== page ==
Marketing analyses and Bible readings took a back seat during a hearing last week on a proposed repeal of Takoma Park's anti-liquor law as the debate took on international proportions.

Armed with statistics from international conferences, Ernest H.J. Steed, executive director of the International Commission for the Prevention of Alcoholism and Drug Dependency, opposed a proposed state bill backed by the City Council to end the ban on liquor sales in the city's Montgomery County section.

"The whole purpose of Takoma Park is to have a place where people can feel they don't have to have a liquor store on every corner," he said.

"The higher the consumption of alcohol , the World Health Organization says, the greater the abuses," Steed said. "How comendable that a city doesn't have that problem."

Council members Louis H. D'Ovidio and William A. Eckert told Steed and a sparse gathering of residents that they thought the voters should decide the issue.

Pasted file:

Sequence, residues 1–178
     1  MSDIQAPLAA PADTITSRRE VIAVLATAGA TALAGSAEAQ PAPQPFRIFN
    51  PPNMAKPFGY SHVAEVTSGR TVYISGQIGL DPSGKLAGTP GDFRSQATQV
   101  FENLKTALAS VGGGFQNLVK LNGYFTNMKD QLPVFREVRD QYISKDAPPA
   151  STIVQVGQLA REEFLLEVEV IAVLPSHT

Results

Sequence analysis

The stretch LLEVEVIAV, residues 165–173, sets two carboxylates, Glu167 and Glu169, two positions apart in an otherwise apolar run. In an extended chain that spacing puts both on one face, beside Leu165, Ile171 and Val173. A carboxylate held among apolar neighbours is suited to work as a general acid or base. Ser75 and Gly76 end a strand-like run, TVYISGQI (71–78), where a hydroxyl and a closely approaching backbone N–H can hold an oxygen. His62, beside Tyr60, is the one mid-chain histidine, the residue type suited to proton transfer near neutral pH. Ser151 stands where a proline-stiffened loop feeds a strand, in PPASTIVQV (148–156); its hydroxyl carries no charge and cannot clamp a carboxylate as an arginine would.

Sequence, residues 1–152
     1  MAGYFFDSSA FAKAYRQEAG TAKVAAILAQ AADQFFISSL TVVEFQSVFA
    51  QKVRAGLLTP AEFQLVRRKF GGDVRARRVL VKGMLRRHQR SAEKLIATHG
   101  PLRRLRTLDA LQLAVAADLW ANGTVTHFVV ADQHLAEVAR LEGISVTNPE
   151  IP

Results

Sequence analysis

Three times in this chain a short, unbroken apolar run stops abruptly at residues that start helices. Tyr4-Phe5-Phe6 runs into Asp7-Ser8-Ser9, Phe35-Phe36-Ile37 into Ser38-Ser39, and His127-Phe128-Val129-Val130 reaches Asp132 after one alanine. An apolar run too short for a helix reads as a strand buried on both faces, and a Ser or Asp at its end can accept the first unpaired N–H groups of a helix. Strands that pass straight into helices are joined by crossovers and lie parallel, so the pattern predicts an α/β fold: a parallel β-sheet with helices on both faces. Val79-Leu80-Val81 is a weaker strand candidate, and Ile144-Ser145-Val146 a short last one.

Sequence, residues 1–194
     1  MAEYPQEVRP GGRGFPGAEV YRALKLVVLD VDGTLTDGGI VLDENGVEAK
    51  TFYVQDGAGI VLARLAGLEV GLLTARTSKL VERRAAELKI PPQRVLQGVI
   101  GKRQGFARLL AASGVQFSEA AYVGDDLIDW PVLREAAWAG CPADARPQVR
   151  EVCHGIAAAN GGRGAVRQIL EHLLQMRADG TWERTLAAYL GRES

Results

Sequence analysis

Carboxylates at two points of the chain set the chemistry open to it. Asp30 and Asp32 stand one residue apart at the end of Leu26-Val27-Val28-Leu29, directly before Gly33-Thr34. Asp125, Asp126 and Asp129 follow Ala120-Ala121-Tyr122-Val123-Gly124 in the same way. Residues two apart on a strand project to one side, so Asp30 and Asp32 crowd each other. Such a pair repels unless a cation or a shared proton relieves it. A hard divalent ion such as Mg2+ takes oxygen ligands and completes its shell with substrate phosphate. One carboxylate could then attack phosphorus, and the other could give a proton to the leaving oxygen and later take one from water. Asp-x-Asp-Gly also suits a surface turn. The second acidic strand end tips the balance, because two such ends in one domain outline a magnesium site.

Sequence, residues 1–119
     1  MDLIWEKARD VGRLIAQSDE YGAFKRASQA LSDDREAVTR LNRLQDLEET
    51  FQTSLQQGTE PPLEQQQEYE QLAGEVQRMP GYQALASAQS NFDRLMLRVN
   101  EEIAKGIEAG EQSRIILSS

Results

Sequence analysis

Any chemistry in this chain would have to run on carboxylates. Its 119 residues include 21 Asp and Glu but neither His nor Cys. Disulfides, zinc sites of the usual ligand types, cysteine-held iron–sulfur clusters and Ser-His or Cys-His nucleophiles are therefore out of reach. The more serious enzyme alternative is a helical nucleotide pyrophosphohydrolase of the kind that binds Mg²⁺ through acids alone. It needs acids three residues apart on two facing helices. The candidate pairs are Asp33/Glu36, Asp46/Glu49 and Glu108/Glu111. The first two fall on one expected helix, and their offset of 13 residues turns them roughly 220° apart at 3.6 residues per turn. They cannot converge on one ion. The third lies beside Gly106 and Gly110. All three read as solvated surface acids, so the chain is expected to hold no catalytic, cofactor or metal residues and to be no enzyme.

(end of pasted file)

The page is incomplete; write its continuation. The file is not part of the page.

"There is a vested interest behind this bill," charged council member Frank V. Garcia, referring to downtown revitalization plans that call for a restaurant, which proponents have said must be able to serve beer and wine to prosper.

After a string of other speakers urged the council to bring it to a vote, resident Rolena Hill, who had prepared a statement and brought her "Bible Readings for the Home," presented an abbrieviated appeal:

"I'm wondering why we should want to take a fence down that is between us and a poisonous serpent. If they study their Bibles, people will see what God thinks of this. I love Takoma Park and I don't want to see this [liquor ban] taken away."